Science in the Jamaican community: A survey of some aspects of the provisions for training in science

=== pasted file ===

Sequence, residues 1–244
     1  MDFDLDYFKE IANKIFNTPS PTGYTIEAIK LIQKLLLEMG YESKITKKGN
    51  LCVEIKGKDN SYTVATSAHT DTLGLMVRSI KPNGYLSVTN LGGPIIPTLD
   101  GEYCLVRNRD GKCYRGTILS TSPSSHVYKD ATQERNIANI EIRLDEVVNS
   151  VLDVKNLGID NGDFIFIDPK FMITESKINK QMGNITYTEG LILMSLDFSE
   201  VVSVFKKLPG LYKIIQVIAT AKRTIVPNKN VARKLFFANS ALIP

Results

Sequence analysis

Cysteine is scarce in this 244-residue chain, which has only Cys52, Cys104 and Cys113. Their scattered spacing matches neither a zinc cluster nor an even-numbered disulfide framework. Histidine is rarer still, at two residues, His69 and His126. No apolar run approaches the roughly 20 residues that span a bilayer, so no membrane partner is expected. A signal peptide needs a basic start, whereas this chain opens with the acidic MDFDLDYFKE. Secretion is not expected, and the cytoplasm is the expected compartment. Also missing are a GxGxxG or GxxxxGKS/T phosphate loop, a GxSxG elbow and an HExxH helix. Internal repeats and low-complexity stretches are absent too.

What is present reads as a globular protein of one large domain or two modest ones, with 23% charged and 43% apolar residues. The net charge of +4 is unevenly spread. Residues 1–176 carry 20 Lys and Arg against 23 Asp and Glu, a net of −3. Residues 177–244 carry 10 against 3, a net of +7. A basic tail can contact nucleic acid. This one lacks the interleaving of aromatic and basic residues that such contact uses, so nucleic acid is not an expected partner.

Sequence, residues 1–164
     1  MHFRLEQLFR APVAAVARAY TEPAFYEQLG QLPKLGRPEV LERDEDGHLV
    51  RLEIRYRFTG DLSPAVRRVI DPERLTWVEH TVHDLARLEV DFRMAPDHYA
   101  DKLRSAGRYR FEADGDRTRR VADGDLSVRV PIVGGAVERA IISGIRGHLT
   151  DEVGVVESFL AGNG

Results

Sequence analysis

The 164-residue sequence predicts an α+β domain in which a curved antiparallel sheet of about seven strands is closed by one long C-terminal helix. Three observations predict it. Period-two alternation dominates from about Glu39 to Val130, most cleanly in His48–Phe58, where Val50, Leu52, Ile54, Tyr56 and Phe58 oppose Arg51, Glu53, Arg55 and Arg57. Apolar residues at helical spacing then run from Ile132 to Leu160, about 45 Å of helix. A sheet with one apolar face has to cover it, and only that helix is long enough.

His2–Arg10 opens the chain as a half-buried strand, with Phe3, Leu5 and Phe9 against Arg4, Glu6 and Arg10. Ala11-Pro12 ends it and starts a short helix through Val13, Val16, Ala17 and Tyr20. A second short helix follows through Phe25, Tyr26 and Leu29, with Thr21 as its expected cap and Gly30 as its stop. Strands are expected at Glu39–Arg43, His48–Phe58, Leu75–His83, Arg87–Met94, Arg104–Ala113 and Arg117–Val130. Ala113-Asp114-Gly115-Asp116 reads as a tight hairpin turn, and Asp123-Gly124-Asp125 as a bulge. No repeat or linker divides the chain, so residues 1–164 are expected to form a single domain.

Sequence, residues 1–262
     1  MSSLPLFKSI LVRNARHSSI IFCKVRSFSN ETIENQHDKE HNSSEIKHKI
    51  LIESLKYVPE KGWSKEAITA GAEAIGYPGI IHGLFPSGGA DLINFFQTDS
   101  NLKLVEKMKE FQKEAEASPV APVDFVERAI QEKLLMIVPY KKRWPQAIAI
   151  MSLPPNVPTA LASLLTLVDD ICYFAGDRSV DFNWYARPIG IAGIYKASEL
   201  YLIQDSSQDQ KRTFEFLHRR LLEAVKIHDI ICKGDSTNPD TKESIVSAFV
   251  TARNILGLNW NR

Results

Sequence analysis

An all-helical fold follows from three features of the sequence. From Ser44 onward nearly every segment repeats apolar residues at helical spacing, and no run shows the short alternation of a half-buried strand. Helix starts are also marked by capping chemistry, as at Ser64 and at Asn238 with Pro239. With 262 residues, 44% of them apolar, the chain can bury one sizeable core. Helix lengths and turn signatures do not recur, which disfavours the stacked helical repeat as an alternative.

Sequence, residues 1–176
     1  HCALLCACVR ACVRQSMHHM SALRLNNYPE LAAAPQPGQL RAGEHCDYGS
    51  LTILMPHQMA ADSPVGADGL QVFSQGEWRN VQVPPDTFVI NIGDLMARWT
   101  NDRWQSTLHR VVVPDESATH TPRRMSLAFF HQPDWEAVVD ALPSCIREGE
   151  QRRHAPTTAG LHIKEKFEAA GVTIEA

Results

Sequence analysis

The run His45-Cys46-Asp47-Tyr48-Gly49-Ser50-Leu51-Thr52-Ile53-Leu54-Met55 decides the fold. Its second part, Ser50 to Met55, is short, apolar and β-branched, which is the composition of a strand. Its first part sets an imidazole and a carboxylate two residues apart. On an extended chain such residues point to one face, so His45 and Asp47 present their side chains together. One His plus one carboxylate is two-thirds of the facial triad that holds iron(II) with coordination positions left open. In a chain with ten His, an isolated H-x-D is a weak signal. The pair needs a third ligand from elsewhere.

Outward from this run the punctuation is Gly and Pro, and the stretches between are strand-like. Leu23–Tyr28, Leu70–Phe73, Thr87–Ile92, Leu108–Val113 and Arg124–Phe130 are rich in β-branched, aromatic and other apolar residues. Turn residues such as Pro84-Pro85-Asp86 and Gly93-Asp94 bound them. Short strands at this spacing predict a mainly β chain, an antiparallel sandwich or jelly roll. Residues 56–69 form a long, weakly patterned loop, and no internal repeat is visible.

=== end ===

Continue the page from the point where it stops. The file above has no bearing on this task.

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This study investigated: 1) the provisions for training in science in Jamaica, 2) opinion on their efficacy for employment, 3) the factors which operate for the choice of science, and 4) the opportunities for employment in science fields. Data were collected through questionnaires administered to 658 high school and 291 tertiary level students, as well as interviews with 67 employed persons. Results showed that the high schools, especially the boys' grammar schools, provided basic training in the pure fields, while the applied fields were neglected except in the few technical schools. A male bias to the study of physics and a female bias to that of biology was evident. The teacher training colleges also provided basic training in the pure fields, while the technical colleges provided further training in the applied fields. The university provided 'in-depth' exposure in both pure and applied fields, and provided the only encouragement to research. The teaching and public employment sectors allowed for reasonable technical training, but the overall accent was on administration. In the private sector, arrangements for training were poor. The consensus of opinion was that the training in the formal institutions was too academic and not geared to the needs of employment. The main factors operating for the choice of science were "interest," "personal satisfaction," "applicability to everyday life," and "patriotism." The civil service offered opportunities for the widest range of recruitment levels. Openings were most limited in the private sector. Except in teaching, the "scientist's" function was primarily administrative, with only marginal attention being afforded to research


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